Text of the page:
Menopause is a time of transition when your body goes through some changes. We’re all aware of some symptoms, such as hot flashes or changes to mood and sleep patterns, but other symptoms, which are just as impactful, are rarely spoken about openly. Below are some of the less often talked about symptoms that are perfectly normal for menopause, and can often be treated.
According to the North American Menopause Society (NAMS), somewhere between 17% and 45% of menopausal women find sex to be painful 1. This can happen for a few reasons. Reduced hormones can reduce the blood flow to the vagina, which affects natural lubrication and leads to dryness. The tissues in the vaginal wall may also thin during menopause, in what is known as vaginal atrophy. Both cases can cause discomfort, and even inflammation, during sex 2.
There are treatments that you can discuss with your doctor. You may be prescribed with oestrogen creams, vaginal moisturisers or adjustments to hormonal replacement therapy. There are also laser treatments available to stimulate collagen production, which in turn stimulates regeneration of vaginal mucosa and greatly reduces symptoms of dryness, atrophy and painful sex.
One of the functions of oestrogen is to stimulate neurotransmitters in the brain’s memory centre. Low oestrogen may affect the ability of neurotransmitters to communicate between cells. Other menopausal symptoms, such as stress and difficulty sleeping, can also affect memory. Hormone replacement therapy can help improve memory, as can eating foods that are rich in omega-3 fatty acids, such as fish and certain nuts.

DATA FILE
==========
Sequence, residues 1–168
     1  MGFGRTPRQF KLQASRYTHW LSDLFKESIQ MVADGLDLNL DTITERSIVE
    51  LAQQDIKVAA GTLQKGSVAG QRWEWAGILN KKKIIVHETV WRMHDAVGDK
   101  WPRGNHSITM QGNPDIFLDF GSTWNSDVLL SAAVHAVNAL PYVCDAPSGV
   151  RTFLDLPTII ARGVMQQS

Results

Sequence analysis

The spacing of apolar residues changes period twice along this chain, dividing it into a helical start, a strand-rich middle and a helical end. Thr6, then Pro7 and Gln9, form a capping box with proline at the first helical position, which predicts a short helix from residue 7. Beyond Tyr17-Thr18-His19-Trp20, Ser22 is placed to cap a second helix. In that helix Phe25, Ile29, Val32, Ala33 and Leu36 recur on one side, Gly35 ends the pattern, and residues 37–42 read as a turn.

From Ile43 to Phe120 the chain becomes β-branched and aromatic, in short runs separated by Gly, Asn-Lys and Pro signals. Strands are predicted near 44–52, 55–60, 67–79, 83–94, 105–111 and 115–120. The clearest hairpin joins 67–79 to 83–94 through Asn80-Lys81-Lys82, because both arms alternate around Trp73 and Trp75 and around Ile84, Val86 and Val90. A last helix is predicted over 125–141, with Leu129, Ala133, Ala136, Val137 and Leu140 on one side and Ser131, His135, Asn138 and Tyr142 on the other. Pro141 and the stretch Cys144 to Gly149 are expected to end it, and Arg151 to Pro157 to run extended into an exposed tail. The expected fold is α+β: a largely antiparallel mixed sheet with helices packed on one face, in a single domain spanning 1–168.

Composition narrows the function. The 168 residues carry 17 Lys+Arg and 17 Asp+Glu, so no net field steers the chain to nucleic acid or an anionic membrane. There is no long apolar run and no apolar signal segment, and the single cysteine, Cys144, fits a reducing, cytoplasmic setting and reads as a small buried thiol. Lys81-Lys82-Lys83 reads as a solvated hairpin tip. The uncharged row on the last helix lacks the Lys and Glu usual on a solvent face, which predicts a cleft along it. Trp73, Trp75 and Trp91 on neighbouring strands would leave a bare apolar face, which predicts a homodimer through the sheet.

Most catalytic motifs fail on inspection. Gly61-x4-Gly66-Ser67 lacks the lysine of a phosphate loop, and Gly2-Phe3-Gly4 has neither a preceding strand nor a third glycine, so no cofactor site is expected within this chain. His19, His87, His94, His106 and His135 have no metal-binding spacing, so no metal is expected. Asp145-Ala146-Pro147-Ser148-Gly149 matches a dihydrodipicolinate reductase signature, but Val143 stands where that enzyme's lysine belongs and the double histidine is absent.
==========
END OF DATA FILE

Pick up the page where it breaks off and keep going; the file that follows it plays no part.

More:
Many women experience urinary incontinence as they approach menopause, particularly women who have had children earlier in life. The pelvic floor can be stretched during childbirth and it can lose its elasticity with age. The pelvic floor supports the bladder, so stretching and loss of elasticity can lead to leakage, particularly when laughing or sneezing.
Many women who experience incontinence do not seek help, which is unfortunate because it’s very common and there are ways to treat it. The first lines of treatment are usually exercises to strengthen the pelvic floor. Other options may include surgery or less-invasive laser treatments to strengthen the vaginal walls so that they can better support the bladder.
There are many possible reasons for hair loss during menopause, which vary from person to person. Hormone fluctuations and even decreasing progesterone can affect the sebaceous glands and hair follicles, impeding new growth and changing the structure of the hair itself. Some hair loss may also be related to thyroid dysfunction or inefficient processing of nutrients.
Some women find that taking supplements or using topical ointments can help reduce hair loss, but it’s important to discuss these with your doctor first, as some minerals can be contraindicated with certain conditions or medications. There are also PRP treatments, in which the doctor draws a little bit of your blood, extracts the platelet-rich plasma and injects it back into the scalp to regenerate the follicles.